The filing also asks the Department of Transportation to investigate another company, Advanced Air, that is currently operating flights for Surf Air to Nevada. That company does not operate out of San Mateo County.

Comments

6 people like this
Posted by Pete
a resident of Woodside: Mountain Home Road
on Jul 17, 2017 at 12:31 pm

This is something that all airlines do, and it's perfectly legal. Lets hope that SurfAir countersues for a SLAP suit.


24 people like this
Posted by Mary Ann
a resident of Menlo Park: Fair Oaks
on Jul 17, 2017 at 12:48 pm

As a resident living under Surf Air's flight path, I am heartened by the County addressing this issue.

Surf Air is exhibiting a clear avoidance of transparency about their expansion intentions. And, won't talk about it. Sorry, that is not good enough.

Allowing "shell" companies which have permissions and approvals that they do not possess (and refusing to talk about it) treats San Mateo County (at minimum) disrespectfully. This applies to County officials themselves and of course, to the residents below their flight paths, including Atherton, North Fair Oaks - and even Sunnyvale, when they fly over the bay approach.

If they wish to operate in this County, they must do so lawfully and honestly, as must any other business.

Thank you county lawyers for putting light on this issue. Please stay on it.


15 people like this
Posted by DJ
a resident of Woodside: other
on Jul 17, 2017 at 1:25 pm

Surf Air is turning San Carlos airport into a commercial facility, which is something that was never intended. Who cares if they have found a way to beat the regulatory system or not. That doesn't make it right. Furthermore, Surf Air hurts the many for the benefit of the few... the very rich few (customers like Pete). [Part removed.] I hope they eventually get shut down or go under. They offer nothing the greater community needs.


5 people like this
Posted by Peter Carpenter
a resident of Atherton: Lindenwood
on Jul 17, 2017 at 1:52 pm

Peter Carpenter is a registered user.

This is certainly an appropriate question for the County to address to the FAA.

The response will depend on the facts of the case and the relevant laws and regulation - not on someones opinion.


2 people like this
Posted by SteveC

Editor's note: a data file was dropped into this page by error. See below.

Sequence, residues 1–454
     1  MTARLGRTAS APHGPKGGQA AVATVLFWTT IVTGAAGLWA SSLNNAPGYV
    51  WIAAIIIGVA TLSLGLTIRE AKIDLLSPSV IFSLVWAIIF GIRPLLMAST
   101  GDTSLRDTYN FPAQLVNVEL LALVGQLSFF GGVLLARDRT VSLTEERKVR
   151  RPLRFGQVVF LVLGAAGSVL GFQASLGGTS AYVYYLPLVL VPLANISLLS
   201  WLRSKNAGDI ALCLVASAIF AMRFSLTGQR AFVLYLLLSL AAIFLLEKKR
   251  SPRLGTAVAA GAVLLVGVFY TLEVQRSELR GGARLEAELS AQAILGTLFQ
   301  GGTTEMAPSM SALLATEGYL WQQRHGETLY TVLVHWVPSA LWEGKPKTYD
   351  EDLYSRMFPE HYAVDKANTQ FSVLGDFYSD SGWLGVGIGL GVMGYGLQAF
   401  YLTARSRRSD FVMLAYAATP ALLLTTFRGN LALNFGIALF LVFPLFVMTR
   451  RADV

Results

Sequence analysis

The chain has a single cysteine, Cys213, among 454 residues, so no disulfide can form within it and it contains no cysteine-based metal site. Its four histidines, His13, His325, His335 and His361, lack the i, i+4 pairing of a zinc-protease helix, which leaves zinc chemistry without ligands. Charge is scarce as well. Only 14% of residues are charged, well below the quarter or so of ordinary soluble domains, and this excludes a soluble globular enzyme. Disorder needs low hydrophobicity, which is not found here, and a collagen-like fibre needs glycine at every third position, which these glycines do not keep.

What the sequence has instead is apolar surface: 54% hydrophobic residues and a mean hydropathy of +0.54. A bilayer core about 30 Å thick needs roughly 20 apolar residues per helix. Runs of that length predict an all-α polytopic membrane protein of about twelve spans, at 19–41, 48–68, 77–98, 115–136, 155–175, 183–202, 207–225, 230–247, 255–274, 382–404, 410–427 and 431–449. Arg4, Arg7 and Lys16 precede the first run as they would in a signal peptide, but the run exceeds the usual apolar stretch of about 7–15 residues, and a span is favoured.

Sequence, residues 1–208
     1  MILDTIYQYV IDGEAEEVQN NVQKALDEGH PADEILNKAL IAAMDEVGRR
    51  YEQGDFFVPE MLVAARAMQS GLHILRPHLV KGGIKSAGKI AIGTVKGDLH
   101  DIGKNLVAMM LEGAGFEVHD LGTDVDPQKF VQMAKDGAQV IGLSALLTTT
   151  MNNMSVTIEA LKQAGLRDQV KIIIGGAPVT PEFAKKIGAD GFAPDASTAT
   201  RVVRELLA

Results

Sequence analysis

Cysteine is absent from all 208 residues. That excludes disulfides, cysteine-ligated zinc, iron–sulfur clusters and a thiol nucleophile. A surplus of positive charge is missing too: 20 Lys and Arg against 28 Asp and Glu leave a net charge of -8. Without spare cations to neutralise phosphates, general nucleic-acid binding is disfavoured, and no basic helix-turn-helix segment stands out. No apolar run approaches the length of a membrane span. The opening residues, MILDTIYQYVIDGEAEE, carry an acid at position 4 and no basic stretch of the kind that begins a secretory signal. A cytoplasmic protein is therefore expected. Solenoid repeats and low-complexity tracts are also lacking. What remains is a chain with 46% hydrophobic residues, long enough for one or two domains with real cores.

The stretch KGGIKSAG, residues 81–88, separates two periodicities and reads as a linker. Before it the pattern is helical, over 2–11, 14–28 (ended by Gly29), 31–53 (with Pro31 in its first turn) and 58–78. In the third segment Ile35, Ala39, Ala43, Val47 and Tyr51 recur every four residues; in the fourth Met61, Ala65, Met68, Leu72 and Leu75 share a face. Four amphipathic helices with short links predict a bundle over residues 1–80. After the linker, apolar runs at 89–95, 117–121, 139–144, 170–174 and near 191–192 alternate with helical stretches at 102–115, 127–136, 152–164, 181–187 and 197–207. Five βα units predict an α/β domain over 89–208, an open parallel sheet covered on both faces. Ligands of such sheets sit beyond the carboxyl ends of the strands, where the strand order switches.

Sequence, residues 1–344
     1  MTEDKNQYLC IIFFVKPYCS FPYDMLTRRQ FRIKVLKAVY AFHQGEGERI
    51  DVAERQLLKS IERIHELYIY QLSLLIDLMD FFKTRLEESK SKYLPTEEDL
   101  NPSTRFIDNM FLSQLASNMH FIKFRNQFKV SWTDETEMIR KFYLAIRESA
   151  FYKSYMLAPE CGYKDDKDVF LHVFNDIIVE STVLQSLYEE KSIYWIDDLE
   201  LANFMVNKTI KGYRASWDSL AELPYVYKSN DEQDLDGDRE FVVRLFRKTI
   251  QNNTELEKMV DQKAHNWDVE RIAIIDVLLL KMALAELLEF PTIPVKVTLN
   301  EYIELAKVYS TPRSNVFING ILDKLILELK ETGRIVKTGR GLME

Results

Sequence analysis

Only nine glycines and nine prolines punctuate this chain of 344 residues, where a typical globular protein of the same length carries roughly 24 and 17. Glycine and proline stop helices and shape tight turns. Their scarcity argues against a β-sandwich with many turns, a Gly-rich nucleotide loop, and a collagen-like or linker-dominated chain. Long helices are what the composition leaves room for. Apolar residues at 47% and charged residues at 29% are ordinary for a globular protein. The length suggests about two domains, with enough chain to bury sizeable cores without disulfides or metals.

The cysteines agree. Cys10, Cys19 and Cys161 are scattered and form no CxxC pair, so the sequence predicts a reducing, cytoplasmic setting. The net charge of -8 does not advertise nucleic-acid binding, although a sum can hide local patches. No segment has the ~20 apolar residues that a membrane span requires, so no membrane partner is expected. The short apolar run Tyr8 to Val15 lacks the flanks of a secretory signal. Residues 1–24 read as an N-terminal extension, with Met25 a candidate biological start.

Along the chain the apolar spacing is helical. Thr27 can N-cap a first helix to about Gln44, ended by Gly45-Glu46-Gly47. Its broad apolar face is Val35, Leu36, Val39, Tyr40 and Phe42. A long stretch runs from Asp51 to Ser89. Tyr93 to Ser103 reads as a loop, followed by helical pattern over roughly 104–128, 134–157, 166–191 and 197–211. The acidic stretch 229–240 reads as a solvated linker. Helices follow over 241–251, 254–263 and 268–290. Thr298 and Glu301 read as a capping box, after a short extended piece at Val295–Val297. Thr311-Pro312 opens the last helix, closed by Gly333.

a resident of Menlo Park: Downtown
on Jul 17, 2017 at 2:16 pm

SteveC is a registered user.

LMAO, what a joke.


4 people like this
Posted by my Ears Hurt
a resident of Atherton: other
on Jul 17, 2017 at 2:47 pm

Which airport will SurfAir use when San Carlos Airport is closed?


12 people like this
Posted by GoAwaySurf
a resident of Menlo Park: Central Menlo Park
on Jul 17, 2017 at 4:39 pm

@my Ears Hurt: The airport is not closing - yet. But this is a classic example of an escalating situation because many in the aviation community keep falling back on 'the laws are on our side' rather than being part of a community supported solution. Surf Air has shown bad behavior from day one. Lies, cocky attitude, bad management, indifference, lack of community support, etc, etc... If this situation isn't resolved amicably, constructively and orderly, the Sups (current or newly elected) will be reviewing a 20 year plan to close the airport. And that would be very sad for all airport users.


6 people like this
Posted by my Ears Hurt
a resident of Atherton: other
on Jul 17, 2017 at 4:56 pm

@GoAwaySurf: well said. Santa Monica Airport will be closing in 2028 due to community pressure over noise and pollution issues. Like most people, I do not object to San Carlos as a general aviation airport. It is the obtrusive nature of Surf Air I object to. Santa Monica Airport has been open for a century and dates back to the early days of aviation in Southern California. San Carlos does not share this longevity or history and could be closed if commercial users persist in ignoring the needs of the community it serves.


4 people like this
Posted by SQLpilot
a resident of Menlo Park: Linfield Oaks
on Jul 17, 2017 at 5:17 pm

While I do not fly for Surf Air, I fly as a corporate pilot out of Palo Alto and Hayward and fly for fun out of SQL. Personally this new angle is a waste of money by the county.